In: Sunil Bastian and Robin Luckham, eds. Can Democracy be Designed? London: Zed Books.
This paper focuses on the relationship between the establishment of an electoral system based on the principles of proportional representation (PR) and the political economy of Sri Lanka.s capitalism. Its main argument is that one of the principal objectives of introducing PR in 1978 was to take care of some of the problems that the first-past-the-post (FPP) system of elections was posing to further development of the economy in the direction of capitalism.
The post independent capitalist development in Sri Lanka can be divided into three phases. The first, lasting from independence to the mid-fifties, the second from the mid fifties to mid-seventies, and the third from 1977 onwards. The massive electoral victory of the centre-right United National Party (UNP) led by J.R. Jayawardena in July 1977 marks the end of what can be called the „closed economy. phase of capitalist development in Sri Lanka. This phase, characterised by state dominance in the economy and an extreme degree of regulation of markets, had led to an economy that was virtually stagnant. The social consequences of these measures were widely felt in society. On top of this were the political repercussions of an insurgency in 1971. The government.s response to the insurgency led to human rights violations on a wide scale. All this resulted in the defeat of the government led by the Sri Lanka Freedom Party (SLFP) in the July 1977 general elections, bringing the UNP to power.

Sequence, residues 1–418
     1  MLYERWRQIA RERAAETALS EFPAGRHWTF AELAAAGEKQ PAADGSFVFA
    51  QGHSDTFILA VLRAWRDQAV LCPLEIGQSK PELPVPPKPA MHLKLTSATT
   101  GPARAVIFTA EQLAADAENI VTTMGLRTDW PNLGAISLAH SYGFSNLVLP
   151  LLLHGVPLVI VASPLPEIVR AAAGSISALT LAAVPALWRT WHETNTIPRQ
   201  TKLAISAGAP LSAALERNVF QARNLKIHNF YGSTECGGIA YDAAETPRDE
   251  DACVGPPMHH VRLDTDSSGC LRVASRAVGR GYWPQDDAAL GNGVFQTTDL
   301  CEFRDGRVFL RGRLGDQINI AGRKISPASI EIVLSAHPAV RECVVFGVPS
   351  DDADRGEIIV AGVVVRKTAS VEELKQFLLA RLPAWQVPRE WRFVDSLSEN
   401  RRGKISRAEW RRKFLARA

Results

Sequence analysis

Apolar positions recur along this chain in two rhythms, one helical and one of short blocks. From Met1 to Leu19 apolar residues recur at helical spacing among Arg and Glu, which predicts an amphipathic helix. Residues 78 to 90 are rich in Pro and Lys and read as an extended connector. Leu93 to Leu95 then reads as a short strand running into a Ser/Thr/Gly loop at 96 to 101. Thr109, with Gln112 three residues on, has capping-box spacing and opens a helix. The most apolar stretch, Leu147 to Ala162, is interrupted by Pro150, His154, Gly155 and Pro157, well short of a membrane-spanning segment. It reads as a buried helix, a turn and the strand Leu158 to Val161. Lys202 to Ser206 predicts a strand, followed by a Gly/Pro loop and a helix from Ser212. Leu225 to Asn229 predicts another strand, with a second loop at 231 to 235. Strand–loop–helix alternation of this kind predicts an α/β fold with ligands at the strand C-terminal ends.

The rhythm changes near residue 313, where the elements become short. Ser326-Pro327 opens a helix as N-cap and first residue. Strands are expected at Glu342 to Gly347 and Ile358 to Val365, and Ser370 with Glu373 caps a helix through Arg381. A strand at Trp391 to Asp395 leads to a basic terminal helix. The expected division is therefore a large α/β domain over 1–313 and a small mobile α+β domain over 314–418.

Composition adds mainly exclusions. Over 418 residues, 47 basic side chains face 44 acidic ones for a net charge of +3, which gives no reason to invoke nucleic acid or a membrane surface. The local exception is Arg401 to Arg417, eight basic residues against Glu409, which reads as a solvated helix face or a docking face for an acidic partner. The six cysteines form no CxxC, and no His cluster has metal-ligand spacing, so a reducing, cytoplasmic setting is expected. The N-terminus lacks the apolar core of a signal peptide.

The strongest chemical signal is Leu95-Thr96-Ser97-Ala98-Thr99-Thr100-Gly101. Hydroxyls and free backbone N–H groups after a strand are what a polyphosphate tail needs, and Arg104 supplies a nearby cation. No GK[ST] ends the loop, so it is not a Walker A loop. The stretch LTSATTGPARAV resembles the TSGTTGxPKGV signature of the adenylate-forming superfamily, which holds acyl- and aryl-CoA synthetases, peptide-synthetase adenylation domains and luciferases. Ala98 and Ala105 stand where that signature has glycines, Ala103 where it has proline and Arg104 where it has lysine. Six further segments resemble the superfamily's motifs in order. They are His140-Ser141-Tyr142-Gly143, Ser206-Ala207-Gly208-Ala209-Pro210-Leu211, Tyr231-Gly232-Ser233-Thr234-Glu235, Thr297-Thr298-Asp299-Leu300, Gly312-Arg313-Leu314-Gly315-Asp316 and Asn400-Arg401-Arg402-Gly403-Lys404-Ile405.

With the arrival of the UNP government in 1977 Sri Lankan capitalism began its liberalised phase, which emphasised market forces, private capital and openness to the world market. The role of the state was de-emphasised. Multilateral agencies like the IMF and World Bank began to play a much greater role in the economic policies of the country, both in terms of financial assistance and policy prescriptions. Keeping with the neo-liberal ideology dominant in these agencies, a great emphasis was placed on balancing budgets and bringing about structural changes to promote a liberalised economy.
Parallel to these developments within the economy, the system of governance also went through a major change. The most important changes were the establishment of a presidential form of government, and the introduction of PR to elect the legislature. From then onwards, a powerful presidency, that enjoyed a considerable degree of power independent of the parliament, directed the executive arm of the government, while a parliament, elected on the basis of proportional representation, occupied the legislature.
Devolution and Development in Sri Lanka
(1994) Editor, Devolution and Development. New Delhi: Konark Publishers.
The politics of foreign Aid in Sri Lanka
(2007) Politics of foreign aid in Sri Lanka, Promoting markets and supporting peace. Colombo: International Centre for Ethnic Studies.
Assessing participation - A debate from south asia
(1997) Co-editor, Assessing Participation: A Debate from South Asia. New Delhi: ITDG/Konark Publishers.
Sustaining a state in conflict: Politics of foreign aid in Sri Lanka, Colombo:ICES, (2018)
This study focuses on politics of foreign aid to Sri Lanka from developed countries of the West, Japan and multilateral agencies during the period 1977 to end of the armed conflict in 2009. This period is characterised by economic policies that emphasised liberal economic policies and an armed conflict resulting from the Tamil demand for a separate state. The study looks at politics of foreign aid in this context. Foreign aid played a dual role. It helped to sustain a state engaged in an armed conflict, while at the same time trying to promote a negotiated settlement. Therefore it was neither a do-gooder that liberals tend to believe nor a 'foreign devil that Sinhala nationalists like to see.
Copyright @ 2024 Sunil Bastian.